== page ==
Bruins forward Brad Marchand made his weekly appearance on the Mut & Merloni show Wednesday, two days after receiving a five-game suspension for his low hit on Sami Salo in Saturday's loss to the Canucks. Marchand explained the reason for his hit, called out Canucks coach Alain Vigneault for his "threat" against him, and explained how Shawn Thornton made Dale Weise look foolish by stepping in when Weise actually wanted to fight Adam McQuaid.
Marchand acknowledged that many people view his hit as a dirty play.
"Yeah, you're right. But in a case like that he's still 6-foot-4, he's 220 pounds. He's got 50 pounds on me. He's a big boy coming in. I still have to protect myself," Marchand said. "Obviously, if you get punched you might want to retaliate. So, I was just trying to protect myself.
"In a situation like that there have been guys who are a lot smaller than him who have come at me, and I've done the same thing and there's been no suspension. I thought I was just trying to protect myself, and that's how it is. I was bulldozed, and I'm allowed to protect myself in that way. That's all I was doing."
Marchand said he heard Canucks coach Alain Vigneault's comments that someone will eventually "hurt the kid" if he continues to play this way, and the winger said he wants the NHL to step in.
"You don't see stuff like that very often," Marchand said. "It's a clear threat. Last time something like that happened in Vancouver we all saw what happened [Avalanche forward Steve Moore got a career-ending cheap shot from Canucks forward Todd Bertuzzi in 2004] and it turned out very bad. So, hopefully the league will take care of that situation."
Marchand also revealed why Weise appeared so surprised when Thornton dropped his gloves after a faceoff. Weise backed away and refused to fight but was given a penalty anyhow.
"I'm going to clear it up for everyone who's listening," Marchand said. "It was actually a really sneaky play by Thorty. Weise was trying to fight McQuaid, who was standing behind Thornton on the point. McQuaid was going to fight him. So, Weise was yelling and saying, 'Yeah, let's go, let's go.'
"Thorty just figured that at that point he'd drop his gloves and surprise Weise. And the ref just kind of heard Weise yelling 'Let's go' and thought he was talking to Thorty and conning him into a penalty. Thorty kind of surprised him when Thorty dropped his gloves. Weise had no idea Thorty was going to do that."
Following are more highlights from the interview.
On his previous conversation with NHL discipline boss Brendan Shanahan when he was told he could check a player in similar fashion: "He told me it was OK to do a hit like that if I was protecting myself, and that's what I felt I was doing in that situation. He felt otherwise, and that's why I was suspended. It's an unfortunate play. By no means did I try to injure Salo on the play. I feel really bad that I did. I was just trying to protect myself. Coming out of our conversation, I did reference the hit on [Daniel] Sedin. When I spoke to him about it a month ago, he said that protecting myself in that situation was allowed. In our hearing he brought it up and said that the two hits were different, and he felt I was the aggressor in this situation, so that's why I'm being suspended."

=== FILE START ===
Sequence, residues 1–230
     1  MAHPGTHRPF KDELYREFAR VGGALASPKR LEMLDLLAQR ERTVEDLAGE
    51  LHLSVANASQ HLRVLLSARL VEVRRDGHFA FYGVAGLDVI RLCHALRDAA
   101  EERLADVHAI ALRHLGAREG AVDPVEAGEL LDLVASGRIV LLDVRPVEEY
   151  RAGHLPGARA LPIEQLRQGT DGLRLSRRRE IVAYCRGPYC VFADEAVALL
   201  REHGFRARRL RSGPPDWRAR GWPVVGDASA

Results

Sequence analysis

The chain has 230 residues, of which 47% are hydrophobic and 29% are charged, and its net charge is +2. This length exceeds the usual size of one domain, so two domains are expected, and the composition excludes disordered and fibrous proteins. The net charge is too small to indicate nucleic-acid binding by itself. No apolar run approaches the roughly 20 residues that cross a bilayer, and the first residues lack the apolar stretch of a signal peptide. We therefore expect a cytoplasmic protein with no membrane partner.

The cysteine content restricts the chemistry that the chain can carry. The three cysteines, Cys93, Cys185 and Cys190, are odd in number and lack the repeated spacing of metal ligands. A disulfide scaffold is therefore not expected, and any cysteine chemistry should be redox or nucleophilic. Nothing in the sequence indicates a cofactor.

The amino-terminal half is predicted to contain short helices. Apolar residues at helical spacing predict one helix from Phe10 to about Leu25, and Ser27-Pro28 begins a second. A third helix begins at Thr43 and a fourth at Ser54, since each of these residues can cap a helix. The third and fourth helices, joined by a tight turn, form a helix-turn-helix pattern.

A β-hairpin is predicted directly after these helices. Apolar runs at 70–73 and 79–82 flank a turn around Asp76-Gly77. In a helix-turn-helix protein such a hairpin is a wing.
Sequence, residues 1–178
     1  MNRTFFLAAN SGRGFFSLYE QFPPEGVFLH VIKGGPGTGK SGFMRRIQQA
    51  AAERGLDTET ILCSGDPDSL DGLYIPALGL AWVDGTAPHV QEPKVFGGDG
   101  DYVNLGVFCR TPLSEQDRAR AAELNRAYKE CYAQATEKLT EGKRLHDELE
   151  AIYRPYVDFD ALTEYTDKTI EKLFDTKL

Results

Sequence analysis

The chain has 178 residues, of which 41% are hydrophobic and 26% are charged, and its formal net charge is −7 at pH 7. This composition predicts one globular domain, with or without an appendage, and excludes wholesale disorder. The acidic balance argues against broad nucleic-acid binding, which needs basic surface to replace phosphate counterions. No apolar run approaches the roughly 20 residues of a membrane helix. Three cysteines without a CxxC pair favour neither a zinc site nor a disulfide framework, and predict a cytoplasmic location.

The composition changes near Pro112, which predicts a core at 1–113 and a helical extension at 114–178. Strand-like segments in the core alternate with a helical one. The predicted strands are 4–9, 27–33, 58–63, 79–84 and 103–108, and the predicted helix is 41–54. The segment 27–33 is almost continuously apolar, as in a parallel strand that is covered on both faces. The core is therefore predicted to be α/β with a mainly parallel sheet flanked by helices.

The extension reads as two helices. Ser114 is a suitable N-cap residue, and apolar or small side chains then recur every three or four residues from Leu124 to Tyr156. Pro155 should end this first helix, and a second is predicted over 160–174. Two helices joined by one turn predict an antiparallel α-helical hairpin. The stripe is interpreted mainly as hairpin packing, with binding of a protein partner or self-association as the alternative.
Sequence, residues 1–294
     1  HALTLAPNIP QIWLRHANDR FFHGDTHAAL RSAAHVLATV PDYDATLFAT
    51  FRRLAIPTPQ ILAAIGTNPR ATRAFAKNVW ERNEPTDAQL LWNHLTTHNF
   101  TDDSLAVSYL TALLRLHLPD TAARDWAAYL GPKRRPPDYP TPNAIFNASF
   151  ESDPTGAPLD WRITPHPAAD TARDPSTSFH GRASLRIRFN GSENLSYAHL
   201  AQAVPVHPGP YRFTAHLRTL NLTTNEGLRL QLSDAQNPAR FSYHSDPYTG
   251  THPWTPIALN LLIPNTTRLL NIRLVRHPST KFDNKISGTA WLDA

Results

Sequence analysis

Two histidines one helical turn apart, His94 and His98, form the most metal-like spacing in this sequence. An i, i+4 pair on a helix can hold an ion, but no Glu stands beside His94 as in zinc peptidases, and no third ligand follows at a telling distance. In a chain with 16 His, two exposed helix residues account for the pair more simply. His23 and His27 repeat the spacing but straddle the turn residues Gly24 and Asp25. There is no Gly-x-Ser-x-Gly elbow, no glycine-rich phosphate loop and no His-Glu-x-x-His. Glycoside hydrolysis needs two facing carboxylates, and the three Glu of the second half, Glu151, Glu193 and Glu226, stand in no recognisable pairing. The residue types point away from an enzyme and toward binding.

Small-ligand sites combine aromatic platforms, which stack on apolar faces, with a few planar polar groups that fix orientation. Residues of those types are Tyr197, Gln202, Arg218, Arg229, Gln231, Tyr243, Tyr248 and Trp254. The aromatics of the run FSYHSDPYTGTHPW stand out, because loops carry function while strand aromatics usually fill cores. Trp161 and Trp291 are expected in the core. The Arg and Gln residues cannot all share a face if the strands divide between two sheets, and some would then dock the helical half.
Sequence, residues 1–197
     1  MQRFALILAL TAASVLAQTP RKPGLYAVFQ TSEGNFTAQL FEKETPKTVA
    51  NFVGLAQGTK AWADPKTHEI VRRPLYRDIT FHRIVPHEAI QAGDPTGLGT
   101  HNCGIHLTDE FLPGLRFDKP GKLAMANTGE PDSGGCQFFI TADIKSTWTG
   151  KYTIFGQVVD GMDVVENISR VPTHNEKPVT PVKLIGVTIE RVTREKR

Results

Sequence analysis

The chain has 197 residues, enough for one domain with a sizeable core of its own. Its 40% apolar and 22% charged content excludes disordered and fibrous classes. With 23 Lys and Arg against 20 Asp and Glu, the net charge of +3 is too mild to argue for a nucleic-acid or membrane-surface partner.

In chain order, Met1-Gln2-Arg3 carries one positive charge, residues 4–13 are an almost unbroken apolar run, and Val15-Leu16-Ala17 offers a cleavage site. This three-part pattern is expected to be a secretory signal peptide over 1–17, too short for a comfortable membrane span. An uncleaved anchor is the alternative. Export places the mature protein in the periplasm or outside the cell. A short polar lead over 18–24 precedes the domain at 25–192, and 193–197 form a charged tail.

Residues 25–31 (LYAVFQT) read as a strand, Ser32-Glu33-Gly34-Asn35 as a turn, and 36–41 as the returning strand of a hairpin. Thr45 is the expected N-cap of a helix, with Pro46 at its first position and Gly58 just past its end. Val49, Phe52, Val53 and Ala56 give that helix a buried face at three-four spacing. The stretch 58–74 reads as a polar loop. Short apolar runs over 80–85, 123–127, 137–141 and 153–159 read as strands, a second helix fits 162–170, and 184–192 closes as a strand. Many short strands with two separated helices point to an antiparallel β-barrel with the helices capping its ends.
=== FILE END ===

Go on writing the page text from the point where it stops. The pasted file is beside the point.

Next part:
On if he is concerned that he is getting a reputation as a dirty player: "The only time I'm going to worry about that is in disciplinary hearings, because it adds on to a suspension. Other than that, I don't care what anyone else thinks of me. My teammates know I'm not out trying to hurt guys. My management and coaching staff know the same thing. So, I could care less how anyone else around the league or any kind of fans think about that. That's their opinion. It doesn't affect me in any way. … I don't feel I'm that kind of player. I play hard and I battle hard. that's all there is to it."
On the emotion Saturday: "There was just too much that happened last year for it to be a quiet game. … Yes, we were the ones who won the Cup last year. They were still I think pretty upset about it. There's some chippy guys on both teams. When there's the kind of emotion that was there from last year and the kind of guys we have on our team, it usually doesn't end up too well."
On the Canucks complaining after the game: "There's a lot of emotion from both teams toward each other, a lot of hatred there. Sometimes when there's that hatred, you say a lot of things and do a lot of things. I think that definitely had a lot to do with it."
On his coach and general manager standing up for him in the media: "They obviously went to bat for me. They stuck up for me there. There was a lot of things said about our team that didn't need to be said. You didn't hear anyone on our team firing comments like that at their team. I think they might have just had enough and felt like something needed to be said."
On the Canucks-Bruins rivalry: "They're a very good team. They have an ego about them, and we're the same way. We play hard and obviously, we have a pretty big ego. … Both teams have big egos and when those type of teams mix and have a battle like we did, it's going to start some flames."
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